Angelic proclamations, a virgin birth, heavenly hosts and a bright shining star beckoning wise men from afar.
For doubters and dissenters, for skeptics and cynics, the ability to embrace the miraculous eludes, but even the most ardent believers need a reminder now and again.
Snow falls as I write, and the white-shrouded world reminds me of another December, 16 years ago, when I received my own much-needed reminder.
Our fourth son had arrived three months earlier. Sam was born with congenital diaphragmatic hernia. A hole had formed in his diaphragm during gestation, allowing his stomach and intestines to move into his chest cavity, crowding his heart and lungs. In Sam’s case, this prevented his left lung from developing.
When he was 3 days old, he underwent surgery to repair the hole in his diaphragm. After a three-week stay in the neonatal intensive care unit at Sacred Heart, we brought him home. He needed no medication, no supplemental oxygen, nursed like a greedy piglet and had none of the dreaded complications or additional health problems common with CDH.
He also had only one lung.
He did have bits of tissue where his left lung would have grown and doctors told us that lungs continue to grow into a child’s early teens. Even if that didn’t happen for Sam, we were assured it’s possible to live with one lung.
But I worried.
Night after night I sat vigil on the floor next to his cradle, watching his chest rise and fall, counting his respiration rate, often dozing off with my hand on his chest.
Exhausted, I did my best to care for his three older brothers, 10, 8 and 5. When December dawned, I decorated and baked in a fog of fatigue.
We reached a milestone on Dec. 23 – Sam’s final post-op visit. Snow fell heavily as I packaged a plate of Christmas cookies for the surgeon’s office.
Each visit began with a series of chest X-rays, and I’d grown adept at deciphering the shadowy shapes in my son’s chest cavity.
Dr. Randall Holland examined Sam, moving his stethoscope over his chest, listening intently while my baby grabbed his hair and blew spit bubbles. Scratching his head, Holland stood, and then once again bent over Sam, listening, listening …
Then he tickled Sam’s three chins and turned to scrutinize the latest X-rays while I wrestled the wriggly baby back into his winter layers and waited for the surgeon to speak.
But he didn’t say a word. Instead, he let out a low whistle, peering at the images. Running his fingers through his hair, he whistled again, and then said, “Cindy, I’d like you to take a look at these.”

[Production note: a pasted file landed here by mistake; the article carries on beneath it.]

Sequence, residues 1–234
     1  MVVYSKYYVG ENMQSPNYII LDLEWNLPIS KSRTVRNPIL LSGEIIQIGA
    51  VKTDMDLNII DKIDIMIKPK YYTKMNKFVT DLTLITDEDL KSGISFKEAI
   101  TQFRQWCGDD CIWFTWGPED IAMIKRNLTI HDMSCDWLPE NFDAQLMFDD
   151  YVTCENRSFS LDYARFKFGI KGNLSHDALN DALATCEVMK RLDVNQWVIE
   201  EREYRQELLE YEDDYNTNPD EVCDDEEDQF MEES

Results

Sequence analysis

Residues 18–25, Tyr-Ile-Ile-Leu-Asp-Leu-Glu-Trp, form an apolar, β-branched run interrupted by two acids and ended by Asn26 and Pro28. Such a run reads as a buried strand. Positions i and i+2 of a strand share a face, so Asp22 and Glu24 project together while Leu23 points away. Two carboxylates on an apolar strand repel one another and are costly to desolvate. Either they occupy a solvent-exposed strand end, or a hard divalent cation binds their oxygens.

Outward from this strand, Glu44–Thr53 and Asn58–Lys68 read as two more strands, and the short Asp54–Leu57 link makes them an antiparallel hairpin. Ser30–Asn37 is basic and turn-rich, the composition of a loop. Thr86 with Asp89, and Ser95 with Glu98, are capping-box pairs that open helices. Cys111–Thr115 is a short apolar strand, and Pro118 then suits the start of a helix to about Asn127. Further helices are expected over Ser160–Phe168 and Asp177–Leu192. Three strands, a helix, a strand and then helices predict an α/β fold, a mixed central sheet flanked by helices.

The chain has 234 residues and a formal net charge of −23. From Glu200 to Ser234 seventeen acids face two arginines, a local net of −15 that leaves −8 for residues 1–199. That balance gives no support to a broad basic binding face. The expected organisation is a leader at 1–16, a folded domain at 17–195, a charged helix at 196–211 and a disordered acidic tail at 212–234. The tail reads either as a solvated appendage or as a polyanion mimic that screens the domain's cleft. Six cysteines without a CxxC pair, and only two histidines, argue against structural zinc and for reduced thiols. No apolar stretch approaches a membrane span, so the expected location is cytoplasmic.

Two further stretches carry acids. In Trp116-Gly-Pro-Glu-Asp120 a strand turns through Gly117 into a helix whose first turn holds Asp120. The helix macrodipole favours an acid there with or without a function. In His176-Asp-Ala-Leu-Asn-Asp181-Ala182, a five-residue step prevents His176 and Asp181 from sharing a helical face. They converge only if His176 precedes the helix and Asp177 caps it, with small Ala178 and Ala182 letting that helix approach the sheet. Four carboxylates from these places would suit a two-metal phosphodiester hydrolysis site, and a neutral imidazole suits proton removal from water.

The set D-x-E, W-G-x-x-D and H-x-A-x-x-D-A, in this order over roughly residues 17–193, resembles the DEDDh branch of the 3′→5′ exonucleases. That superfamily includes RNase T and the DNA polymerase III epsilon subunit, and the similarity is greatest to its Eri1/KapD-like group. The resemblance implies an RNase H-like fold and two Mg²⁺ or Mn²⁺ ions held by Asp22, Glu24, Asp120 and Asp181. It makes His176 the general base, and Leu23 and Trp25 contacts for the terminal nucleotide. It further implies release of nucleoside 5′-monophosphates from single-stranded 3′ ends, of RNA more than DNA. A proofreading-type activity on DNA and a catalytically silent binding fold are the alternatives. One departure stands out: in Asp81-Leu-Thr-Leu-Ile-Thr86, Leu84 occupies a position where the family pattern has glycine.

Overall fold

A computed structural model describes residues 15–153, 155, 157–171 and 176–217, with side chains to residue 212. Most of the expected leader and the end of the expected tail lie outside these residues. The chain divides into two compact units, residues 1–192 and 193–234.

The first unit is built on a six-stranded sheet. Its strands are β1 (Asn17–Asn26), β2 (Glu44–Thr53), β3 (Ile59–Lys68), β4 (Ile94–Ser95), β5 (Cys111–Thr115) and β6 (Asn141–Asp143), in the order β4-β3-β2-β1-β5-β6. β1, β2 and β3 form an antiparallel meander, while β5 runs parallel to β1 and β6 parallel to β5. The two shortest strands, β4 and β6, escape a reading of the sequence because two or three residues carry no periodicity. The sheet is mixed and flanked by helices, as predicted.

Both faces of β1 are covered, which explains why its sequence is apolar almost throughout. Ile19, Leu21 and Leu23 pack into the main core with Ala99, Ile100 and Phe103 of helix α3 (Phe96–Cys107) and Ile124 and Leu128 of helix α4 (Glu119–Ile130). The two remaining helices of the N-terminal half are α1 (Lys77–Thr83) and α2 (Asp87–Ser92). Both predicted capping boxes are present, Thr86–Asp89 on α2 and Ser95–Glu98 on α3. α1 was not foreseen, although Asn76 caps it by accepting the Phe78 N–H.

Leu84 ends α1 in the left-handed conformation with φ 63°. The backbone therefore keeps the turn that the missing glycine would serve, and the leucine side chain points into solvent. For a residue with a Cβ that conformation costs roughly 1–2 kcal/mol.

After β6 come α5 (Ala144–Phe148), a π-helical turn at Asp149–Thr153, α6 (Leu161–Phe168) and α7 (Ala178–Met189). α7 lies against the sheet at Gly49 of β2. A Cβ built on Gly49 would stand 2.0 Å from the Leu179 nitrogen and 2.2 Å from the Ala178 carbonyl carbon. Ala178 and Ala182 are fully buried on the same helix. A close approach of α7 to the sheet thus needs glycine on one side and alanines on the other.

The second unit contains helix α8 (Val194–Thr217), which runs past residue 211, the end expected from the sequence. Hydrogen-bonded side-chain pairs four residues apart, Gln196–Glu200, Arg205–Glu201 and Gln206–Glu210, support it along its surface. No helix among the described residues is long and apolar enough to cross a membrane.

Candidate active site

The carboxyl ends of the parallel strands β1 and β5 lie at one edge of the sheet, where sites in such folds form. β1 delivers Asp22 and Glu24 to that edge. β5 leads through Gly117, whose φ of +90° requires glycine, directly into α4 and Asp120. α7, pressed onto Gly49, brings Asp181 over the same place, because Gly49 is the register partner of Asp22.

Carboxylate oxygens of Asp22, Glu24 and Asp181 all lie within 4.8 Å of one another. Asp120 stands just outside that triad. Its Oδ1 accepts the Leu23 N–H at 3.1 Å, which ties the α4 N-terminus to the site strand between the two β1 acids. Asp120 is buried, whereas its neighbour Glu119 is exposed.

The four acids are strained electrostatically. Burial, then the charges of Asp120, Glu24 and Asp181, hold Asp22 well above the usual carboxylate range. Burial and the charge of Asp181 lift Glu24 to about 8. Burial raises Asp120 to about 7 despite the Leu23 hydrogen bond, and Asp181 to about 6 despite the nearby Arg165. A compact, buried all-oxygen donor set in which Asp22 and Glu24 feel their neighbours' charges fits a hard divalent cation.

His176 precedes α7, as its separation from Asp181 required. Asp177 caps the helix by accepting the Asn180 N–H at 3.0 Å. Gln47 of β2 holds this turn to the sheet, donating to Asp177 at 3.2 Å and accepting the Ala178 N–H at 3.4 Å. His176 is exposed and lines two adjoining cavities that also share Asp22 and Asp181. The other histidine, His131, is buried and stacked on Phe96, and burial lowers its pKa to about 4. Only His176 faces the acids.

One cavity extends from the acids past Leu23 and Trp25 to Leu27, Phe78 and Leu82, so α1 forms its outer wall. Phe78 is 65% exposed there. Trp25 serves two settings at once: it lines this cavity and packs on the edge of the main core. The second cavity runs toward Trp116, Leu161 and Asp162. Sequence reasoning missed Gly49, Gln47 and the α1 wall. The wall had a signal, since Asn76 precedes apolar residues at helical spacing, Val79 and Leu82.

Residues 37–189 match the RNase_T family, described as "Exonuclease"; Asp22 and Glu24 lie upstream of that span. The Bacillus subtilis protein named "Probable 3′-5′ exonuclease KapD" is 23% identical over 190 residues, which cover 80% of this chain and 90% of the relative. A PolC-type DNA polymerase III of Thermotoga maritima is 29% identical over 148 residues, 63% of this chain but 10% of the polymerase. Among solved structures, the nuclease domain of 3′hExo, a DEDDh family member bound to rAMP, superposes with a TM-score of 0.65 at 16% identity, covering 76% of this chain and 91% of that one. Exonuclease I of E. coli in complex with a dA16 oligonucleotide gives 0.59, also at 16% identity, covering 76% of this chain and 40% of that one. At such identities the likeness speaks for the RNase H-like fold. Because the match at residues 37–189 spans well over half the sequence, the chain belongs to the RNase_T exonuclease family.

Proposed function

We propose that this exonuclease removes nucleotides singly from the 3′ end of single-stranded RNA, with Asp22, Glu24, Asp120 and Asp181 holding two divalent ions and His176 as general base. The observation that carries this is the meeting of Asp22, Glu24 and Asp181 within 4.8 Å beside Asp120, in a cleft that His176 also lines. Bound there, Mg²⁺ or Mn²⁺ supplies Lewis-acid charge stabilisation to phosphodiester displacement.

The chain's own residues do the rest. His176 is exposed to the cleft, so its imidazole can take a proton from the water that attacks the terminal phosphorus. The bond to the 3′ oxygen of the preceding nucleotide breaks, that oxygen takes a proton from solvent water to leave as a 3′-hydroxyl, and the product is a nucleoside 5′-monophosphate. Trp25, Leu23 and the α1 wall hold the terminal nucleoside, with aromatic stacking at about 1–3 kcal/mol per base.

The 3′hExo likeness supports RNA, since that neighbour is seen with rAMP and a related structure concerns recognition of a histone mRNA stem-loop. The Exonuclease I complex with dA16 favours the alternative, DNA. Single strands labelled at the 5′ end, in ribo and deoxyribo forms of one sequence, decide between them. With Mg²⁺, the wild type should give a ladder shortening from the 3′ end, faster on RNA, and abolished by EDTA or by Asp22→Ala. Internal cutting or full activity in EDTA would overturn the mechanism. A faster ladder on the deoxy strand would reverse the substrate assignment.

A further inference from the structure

And my heart sank.
This was it. The moment I’d dreaded since the hours following Sam’s diagnosis. The moment when I’d learn the nightmare hadn’t ended. The other shoe had dropped and I didn’t know if I could bear it.
Seeing my stricken face, Holland beckoned me closer.
“What’s that?” he asked, pointing to the image.
“That’s Sam’s right lung,” I answered.
He nodded and pointed to the other side of the image.
“And what’s that?”
“That’s Sam’s left lung,” I dutifully replied.
Silence. Apparently, lack of sleep was making me hallucinate.
“Except he doesn’t have a left lung …” I mumbled.
“He didn’t,” Holland agreed. “But he does now.”
He traced the outline with his finger. “A fully-functioning left lung.”
And the surgeon beamed.
I clutched Sam and sank down into a chair, tears falling, dampening his downy blond head like melting snowflakes.
“I don’t understand. Is this a miracle?”
Still smiling, Holland shrugged. “We don’t like to use that word, but I’ve honestly never seen anything like this before.”
Dazed, I left his office, trying to process the news.
That night as usual, I sat at Sam’s cradle feeling his lungs (lungs!) expand, watching my hand on his chest rise and fall. The clock ticked its way to Christmas Eve and I finally climbed into bed, where for the first time since Sam’s birth, I slept – truly slept.
Today at some point, my 6-foot, 1-inch baby boy will bend down and wrap his arms around me. I’ll lay my head on his chest and feel it rise and fall, grateful for the reminder.
Christmas has always been about miracles.
Contact Cindy Hval at firstname.lastname@example.org. She is the author of “War Bonds: Love Stories From the Greatest Generation.” Follow her on Twitter at @CindyHval.
Subscribe to the Coronavirus newsletter
Get the day’s latest Coronavirus news delivered to your inbox by subscribing to our newsletter.